A French Empire ormolu urn mantel clock Angevin A Paris, circa 1810
This unusual model has a number of qualities that make it stand out from others. First there is the obvious quality of the bronze work and gilding which shows the craftsmanship of the men that worked on it. But there is more that makes this clock attractive. Although Empire clocks are made in the full round as it is said, the design is mostly made to be viewed from
the front. This is not very strange since most of these clocks were made to be placed on a mantel piece with a view point from the front. But this clock with its ornaments on all sides and its annular shape seems to be made to be viewed from all sides. It makes it easier to find a good spot for this fine object. Just imagine this lovely antique piece on a modern table in the centre of a room. A beautiful highlight with history and class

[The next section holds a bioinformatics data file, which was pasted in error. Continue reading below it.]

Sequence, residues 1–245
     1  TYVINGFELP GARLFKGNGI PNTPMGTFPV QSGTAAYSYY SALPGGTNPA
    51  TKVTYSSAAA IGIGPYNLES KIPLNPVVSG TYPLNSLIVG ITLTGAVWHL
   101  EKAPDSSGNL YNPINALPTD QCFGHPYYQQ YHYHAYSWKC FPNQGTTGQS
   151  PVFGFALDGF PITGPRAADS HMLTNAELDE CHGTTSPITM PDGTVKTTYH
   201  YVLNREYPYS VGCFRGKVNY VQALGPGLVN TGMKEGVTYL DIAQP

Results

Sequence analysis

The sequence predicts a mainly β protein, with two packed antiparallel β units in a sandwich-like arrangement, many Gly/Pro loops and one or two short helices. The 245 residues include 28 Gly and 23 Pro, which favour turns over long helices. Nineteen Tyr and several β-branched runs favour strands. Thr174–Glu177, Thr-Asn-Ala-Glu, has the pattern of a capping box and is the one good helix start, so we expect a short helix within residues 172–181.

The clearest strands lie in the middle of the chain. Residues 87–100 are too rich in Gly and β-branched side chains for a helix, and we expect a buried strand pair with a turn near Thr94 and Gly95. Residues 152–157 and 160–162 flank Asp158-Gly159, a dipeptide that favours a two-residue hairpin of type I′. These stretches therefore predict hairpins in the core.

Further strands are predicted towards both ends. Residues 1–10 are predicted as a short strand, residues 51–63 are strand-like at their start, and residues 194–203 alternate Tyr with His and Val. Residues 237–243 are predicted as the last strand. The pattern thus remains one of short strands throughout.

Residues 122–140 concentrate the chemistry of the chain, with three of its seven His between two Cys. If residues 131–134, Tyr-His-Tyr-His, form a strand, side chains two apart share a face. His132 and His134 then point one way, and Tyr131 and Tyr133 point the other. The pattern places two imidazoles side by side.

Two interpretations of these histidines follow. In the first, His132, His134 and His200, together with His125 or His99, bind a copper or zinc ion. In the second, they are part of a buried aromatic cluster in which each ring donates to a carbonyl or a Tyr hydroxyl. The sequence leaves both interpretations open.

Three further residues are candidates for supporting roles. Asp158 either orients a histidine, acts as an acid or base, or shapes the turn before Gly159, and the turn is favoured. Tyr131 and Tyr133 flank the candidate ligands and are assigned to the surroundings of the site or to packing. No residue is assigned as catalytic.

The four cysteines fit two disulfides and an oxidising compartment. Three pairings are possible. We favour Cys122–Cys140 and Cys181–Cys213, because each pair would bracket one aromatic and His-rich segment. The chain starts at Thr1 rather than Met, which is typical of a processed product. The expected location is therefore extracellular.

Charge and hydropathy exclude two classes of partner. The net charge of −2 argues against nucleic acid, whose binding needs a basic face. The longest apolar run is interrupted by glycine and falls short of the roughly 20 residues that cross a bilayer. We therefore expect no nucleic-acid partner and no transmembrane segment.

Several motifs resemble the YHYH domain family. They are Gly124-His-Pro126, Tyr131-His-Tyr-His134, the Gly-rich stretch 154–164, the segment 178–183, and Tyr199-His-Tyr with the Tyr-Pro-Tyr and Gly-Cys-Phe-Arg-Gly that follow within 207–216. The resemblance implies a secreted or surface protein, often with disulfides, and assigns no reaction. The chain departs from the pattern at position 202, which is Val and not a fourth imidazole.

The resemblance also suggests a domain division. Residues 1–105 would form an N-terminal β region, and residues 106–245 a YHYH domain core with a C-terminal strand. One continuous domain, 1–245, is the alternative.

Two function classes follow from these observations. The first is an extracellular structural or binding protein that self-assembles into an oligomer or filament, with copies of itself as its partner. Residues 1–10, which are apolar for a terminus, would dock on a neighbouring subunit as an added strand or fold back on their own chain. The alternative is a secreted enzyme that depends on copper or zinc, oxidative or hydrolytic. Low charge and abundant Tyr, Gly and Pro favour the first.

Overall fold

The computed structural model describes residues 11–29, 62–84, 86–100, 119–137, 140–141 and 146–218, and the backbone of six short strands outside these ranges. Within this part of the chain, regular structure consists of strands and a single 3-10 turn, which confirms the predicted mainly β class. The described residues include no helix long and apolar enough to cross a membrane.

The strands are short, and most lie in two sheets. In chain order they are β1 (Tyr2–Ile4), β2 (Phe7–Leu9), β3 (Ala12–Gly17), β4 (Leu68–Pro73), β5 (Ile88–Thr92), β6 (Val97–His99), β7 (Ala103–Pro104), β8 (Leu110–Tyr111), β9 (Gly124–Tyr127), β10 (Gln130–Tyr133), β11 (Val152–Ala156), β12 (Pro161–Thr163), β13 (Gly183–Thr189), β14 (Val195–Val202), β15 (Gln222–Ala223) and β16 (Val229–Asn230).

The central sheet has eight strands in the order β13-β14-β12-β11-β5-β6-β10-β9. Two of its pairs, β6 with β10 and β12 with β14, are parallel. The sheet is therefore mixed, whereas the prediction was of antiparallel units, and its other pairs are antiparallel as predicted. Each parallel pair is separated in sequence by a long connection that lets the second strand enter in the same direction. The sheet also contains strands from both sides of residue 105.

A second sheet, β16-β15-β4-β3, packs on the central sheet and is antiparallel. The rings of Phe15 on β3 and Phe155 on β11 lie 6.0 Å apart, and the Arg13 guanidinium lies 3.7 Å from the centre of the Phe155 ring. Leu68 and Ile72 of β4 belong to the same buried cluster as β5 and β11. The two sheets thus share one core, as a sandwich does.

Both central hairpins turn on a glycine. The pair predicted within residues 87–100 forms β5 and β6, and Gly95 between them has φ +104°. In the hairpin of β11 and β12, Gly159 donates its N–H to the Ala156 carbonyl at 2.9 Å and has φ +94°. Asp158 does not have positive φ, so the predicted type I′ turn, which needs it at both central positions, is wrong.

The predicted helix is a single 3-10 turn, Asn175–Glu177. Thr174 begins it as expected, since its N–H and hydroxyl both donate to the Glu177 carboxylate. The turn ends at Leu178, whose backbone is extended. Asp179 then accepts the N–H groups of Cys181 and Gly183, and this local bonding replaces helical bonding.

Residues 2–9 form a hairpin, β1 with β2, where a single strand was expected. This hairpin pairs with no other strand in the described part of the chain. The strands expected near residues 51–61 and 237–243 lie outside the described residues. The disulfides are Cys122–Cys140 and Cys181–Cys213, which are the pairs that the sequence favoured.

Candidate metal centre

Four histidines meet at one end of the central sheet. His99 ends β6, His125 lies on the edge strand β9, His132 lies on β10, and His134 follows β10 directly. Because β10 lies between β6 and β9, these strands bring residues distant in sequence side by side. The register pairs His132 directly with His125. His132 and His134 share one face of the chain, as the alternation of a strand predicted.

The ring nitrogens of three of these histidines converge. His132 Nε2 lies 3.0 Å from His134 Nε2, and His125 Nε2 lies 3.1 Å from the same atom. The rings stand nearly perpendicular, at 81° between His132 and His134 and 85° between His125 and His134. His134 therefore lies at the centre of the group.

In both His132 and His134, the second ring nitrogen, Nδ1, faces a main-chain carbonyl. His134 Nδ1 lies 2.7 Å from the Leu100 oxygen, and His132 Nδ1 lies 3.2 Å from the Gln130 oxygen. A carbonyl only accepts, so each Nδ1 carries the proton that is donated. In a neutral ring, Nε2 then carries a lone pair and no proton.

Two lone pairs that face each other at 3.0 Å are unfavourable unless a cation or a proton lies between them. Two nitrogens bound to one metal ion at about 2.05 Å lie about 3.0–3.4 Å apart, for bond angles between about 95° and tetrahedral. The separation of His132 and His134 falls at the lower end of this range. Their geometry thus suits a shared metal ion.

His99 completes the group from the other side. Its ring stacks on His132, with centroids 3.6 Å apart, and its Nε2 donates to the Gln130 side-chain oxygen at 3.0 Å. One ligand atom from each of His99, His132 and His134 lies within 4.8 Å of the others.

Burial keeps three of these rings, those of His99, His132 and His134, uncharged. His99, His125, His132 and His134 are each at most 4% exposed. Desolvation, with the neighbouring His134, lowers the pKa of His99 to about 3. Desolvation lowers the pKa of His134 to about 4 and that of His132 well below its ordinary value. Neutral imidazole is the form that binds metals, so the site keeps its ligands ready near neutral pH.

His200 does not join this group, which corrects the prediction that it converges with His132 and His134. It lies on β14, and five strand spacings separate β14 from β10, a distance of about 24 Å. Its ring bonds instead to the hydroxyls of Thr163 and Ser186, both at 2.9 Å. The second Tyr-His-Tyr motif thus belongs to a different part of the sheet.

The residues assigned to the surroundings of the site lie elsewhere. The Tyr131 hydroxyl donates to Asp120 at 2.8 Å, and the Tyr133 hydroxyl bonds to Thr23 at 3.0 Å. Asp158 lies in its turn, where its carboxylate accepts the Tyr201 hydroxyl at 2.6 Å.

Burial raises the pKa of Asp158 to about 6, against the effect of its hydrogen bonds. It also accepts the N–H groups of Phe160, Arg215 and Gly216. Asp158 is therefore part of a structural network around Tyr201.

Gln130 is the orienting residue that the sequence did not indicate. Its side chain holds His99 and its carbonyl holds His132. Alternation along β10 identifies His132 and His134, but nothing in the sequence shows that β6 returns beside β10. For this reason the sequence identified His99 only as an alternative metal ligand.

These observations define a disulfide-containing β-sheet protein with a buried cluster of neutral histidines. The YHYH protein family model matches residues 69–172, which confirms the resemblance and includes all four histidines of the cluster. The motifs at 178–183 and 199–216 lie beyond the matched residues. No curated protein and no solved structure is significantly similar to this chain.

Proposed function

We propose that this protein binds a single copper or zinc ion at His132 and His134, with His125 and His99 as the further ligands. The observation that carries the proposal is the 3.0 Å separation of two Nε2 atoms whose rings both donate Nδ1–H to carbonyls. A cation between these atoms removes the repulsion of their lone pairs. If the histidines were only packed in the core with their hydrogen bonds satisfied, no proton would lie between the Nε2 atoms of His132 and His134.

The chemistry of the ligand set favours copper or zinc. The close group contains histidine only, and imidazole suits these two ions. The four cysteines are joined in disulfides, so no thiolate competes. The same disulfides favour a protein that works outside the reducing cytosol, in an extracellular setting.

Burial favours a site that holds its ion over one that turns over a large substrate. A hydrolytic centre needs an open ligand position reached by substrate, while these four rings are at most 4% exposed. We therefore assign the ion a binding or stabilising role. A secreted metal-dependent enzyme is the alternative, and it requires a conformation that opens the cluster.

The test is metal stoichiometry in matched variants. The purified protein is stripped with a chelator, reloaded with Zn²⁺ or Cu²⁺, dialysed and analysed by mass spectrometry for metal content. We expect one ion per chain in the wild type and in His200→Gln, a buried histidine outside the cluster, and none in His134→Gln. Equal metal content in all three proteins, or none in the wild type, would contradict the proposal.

The 9.5-cm enamel dial has Roman numerals and is signed in the center Angevin A Paris. The pierced and engraved hands are made of gilt brass.
The movement is driven by two spring barrels and has a duration of eight days. It is being regulated by anchor escapement in combination with a silk suspended pendulum. It strikes the hours and half hours by means of countwheel on a bell.
The finely cast and chiseled gilt bronze case is shaped as an urn which is surmounted by a gallery of arches on a stiff leaf border. The drum case is adorned with cable mounts and the sides with high reliefs of discus throwers. At the back there is a caduceus (staff of Mercury) mount. The base is adorned by a fine pierced leaf ornament over a finely engraved rim, the whole surmounted on claw feet.